This is something I wrote from October 1, 2013, the day the ACA market places opened…

“In order to win his party’s nomination, Mitt Romney had to run as far away from his plan as possible.  Ultimately the conflict over the ACA is not about the ACA itself, it’s about how far right the Republicans have shifted.  The ideology that the free market will solve all problems is as much a crazy utopian dream as the far left’s defunct dreams of a purely socialist state.  Unfortunately the right wing/libertarian free-market fantasy is an ideology that wins hearts, minds and votes because it has an unbelievable amount of money behind it.  With that money the ideology can buy a narrative that turns truth on it’s head.”

Here is just one example of how our collective perception of reality is influenced with money by those who have it and wish to make sure it isn’t spent on others:

More on David Valadao from congressional district CA-21 and other CA Representatives and their vote for the AHCA here.


Is “Trumpcare = Choice” a Lie?

Of course it is. The true is that Obamacare with Medicaid expansion (called Medi-Cal in California) now covers over 50,000 Humboldters. That at least doubled and close to tripled Medi-Cal coverage before the ACA.

To be eligible to Medi-Cal under the expansion, your current income had to be 138% of Federal Poverty Limit (FPL) for an adult and under 266% FPL for a child. 138% FPL is $1,387 per month.

With these new, simpler, fair and humane rules under Obamacare we as a Humboldt community were able to share first rate health care with 25,000 to 30,000 more of our neighbors.

If you have family in Humboldt, it’s likely some members of your extended family are aided under this program. Remember, with Medi-Cal roles in the 50,000 range we are talking about 38% of all 130,000 Humbodlters aided under this program.

And it’s a good program. We are a wealthy society and all other wealthy societies around the globe have figured out access to preventative and sustaining health care is a right. Medicaid under Obamacare doesn’t reach universal health care levels, but it does give access to the most needy in a conservative, market-friendly manner that does allow choice.

If you are over that 138% as an adult, or 266% as a child, you then get access to private health care plans on the Covered CA marketplace. Up to 400% FPL these are subsidized and thus affordable.

Again, Obamacare was a conservative approach to universal health care coverage, one based on markets and helping individuals to chose the health care they can afford.

But the chosen Republican party line to sell what the rest of us understand is a money and power grab where the rest of us are entirely vulnerable is to contend that Trump Care is about choice in health care.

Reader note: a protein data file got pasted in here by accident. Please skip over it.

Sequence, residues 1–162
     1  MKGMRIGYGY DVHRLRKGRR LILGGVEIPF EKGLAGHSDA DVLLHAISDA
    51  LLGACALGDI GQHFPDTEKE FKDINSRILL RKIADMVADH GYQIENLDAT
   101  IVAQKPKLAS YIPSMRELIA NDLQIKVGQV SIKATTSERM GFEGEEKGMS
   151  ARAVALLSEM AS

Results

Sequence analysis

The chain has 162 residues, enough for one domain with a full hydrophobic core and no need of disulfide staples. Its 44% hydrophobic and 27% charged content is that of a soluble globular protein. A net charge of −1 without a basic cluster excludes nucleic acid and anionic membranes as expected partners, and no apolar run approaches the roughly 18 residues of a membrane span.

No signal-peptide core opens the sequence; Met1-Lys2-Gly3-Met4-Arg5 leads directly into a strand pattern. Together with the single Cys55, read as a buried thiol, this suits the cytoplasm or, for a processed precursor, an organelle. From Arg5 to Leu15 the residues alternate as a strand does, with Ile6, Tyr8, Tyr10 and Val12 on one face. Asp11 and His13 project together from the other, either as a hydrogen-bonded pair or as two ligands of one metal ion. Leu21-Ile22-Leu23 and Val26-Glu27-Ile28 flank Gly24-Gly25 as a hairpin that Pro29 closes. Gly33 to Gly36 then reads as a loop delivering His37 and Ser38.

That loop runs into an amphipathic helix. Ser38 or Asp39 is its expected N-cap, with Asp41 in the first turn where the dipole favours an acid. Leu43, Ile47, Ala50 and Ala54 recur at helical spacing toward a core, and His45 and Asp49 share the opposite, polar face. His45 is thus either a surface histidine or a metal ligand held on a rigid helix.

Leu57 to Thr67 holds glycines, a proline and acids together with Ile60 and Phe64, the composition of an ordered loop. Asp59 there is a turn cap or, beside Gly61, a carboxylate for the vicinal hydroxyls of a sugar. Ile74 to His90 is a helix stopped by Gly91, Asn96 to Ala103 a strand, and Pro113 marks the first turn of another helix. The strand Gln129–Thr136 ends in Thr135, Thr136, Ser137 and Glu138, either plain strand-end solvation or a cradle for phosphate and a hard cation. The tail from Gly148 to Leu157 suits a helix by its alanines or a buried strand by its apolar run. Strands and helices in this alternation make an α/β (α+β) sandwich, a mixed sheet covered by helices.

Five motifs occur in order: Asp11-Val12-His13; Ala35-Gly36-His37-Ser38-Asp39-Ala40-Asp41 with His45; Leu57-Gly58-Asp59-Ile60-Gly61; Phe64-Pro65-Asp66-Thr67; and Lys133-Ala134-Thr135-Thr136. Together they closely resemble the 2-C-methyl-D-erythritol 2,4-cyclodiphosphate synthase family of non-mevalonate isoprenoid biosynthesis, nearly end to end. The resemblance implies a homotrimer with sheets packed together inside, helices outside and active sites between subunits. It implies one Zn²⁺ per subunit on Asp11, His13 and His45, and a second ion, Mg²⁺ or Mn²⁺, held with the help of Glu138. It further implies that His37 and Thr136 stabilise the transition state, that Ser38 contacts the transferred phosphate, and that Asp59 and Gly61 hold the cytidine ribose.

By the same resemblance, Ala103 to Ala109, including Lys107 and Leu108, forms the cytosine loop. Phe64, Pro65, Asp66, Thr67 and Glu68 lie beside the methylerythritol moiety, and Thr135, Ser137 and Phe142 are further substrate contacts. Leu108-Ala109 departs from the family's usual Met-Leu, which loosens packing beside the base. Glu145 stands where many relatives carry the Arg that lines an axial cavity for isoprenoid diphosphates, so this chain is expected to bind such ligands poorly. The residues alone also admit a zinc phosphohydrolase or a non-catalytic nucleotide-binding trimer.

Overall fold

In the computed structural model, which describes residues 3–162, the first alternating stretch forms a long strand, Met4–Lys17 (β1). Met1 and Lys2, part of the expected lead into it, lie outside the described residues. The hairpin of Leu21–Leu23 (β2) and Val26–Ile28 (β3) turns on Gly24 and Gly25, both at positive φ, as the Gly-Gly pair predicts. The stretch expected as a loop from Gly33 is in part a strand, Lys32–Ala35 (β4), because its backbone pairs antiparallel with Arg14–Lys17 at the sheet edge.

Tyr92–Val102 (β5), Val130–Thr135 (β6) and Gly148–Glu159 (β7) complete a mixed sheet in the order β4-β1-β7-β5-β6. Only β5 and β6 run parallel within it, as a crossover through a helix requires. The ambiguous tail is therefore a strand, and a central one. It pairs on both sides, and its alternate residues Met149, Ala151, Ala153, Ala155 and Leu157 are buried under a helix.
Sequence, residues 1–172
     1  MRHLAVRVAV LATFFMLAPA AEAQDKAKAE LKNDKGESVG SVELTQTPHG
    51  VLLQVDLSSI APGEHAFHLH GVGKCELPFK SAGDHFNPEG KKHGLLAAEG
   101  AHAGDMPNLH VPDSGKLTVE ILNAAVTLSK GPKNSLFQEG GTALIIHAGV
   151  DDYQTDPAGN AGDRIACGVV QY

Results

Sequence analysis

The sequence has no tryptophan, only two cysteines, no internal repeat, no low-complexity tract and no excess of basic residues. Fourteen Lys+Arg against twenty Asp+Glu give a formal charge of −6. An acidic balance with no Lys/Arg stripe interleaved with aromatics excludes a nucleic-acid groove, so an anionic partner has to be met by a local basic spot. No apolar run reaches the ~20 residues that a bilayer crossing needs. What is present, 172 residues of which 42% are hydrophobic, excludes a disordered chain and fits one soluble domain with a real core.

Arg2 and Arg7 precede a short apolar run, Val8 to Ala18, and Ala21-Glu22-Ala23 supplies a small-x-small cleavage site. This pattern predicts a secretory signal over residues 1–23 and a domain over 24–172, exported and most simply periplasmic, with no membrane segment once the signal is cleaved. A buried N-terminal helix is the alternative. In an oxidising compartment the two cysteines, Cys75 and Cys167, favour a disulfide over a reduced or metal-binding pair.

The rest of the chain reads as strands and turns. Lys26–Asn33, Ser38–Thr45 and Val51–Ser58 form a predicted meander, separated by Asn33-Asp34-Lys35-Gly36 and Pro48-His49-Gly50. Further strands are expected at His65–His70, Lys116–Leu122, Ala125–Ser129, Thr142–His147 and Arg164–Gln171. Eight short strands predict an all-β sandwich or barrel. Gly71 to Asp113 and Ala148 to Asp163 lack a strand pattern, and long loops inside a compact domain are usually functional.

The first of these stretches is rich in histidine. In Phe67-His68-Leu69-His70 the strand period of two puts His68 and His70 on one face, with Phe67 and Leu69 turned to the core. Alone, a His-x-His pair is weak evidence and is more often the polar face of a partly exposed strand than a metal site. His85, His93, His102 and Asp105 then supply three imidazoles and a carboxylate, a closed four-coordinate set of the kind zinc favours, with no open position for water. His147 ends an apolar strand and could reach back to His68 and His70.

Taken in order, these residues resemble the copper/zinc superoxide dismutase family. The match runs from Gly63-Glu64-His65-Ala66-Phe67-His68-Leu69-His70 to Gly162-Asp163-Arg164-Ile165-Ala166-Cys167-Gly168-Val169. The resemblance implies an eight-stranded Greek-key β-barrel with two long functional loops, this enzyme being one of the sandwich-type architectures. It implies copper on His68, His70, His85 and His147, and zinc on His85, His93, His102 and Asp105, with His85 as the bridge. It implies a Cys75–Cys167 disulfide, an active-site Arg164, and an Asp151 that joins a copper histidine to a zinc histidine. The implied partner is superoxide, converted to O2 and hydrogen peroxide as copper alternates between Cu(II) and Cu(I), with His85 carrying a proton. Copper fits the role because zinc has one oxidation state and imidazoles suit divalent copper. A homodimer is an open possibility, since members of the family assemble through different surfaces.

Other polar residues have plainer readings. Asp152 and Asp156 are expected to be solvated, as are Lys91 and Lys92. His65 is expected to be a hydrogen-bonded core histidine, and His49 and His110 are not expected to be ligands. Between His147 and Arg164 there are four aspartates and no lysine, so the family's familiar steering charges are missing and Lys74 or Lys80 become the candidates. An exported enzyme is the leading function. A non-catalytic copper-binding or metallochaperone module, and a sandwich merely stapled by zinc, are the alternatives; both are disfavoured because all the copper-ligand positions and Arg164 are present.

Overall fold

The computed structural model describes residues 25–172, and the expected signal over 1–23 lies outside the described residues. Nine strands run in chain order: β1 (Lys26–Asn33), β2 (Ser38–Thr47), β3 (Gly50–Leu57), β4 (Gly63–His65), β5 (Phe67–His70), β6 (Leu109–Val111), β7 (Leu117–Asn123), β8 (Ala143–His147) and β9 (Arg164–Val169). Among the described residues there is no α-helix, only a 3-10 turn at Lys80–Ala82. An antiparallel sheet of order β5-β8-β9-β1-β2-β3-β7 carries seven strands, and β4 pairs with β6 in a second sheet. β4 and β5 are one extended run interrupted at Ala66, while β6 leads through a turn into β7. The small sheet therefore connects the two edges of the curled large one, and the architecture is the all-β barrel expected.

And for some it is. For those making over 400% FPL, I imagine there may be expanded choices as the insurance industry again returns to you as their main profit center. But for those who were able to gain access to health care under Obamacare, there will no longer be a choice.

Trump Care = choice is a lie because Obamacare proved that we were able to expand the roles of those obtaining health care. This meant that money was a factor and reducing funding to Medicaid will again return us to the bad old days where health care is a privilege to those who are gainfully employed or have made many good decisions or have been fortunate enough to be born to a family with enough money or love to set us on the right path.

This just isn’t acceptable in our country and it would be nice if local Republicans who get this would speak to their friends and business associates and help their leaders in Washington get this.

Trumpcare will reduce the number of people who have access to health care, it does this by removing the cornerstone of a critical federally-funded program called Medicaid satisfying another conservative goal in working to reverse the FDR-Johnson vision of America with a strong middle class and access to basic necessities of modern life to those who live at or below poverty limits. Mainstream Republicans and conservatives, please do not let the Economic Royalists or loony libertarians do this to us. Our lives are in your hands and we depend on you to call a lie a lie. 25,000 to 30,000 of your neighbors and customers now depend on your integrity.



G.O.P. Health Plan Is Really a Rollback of Medicaid (Margot Sanger-Katz |NYT | 6/20/17)



(This is the forgiveness factor.  I’m asking for a high amount of forgiveness for editing/content b/c of the short amount of time I was able to dedicate to this post) 🙂 (ty)

Q: Should We Strive to Elect 53 Democratic Representatives to Congress?

A: Apparently so.

Lookit, this is not on the Democrats.  This is on the Republicans, their agenda, and how they sell that agenda to Californians.

The Republican AHCA (American Health Care Act) really speaks for itself.  It’s not something any Republican Congressman can spend much time defending except to say the word “choice” a couple of times hoping that we wont catch on, but then to focus on the fact they just did what they could to replace Obamacare (which I should be calling the Affordable Care Act – ACA).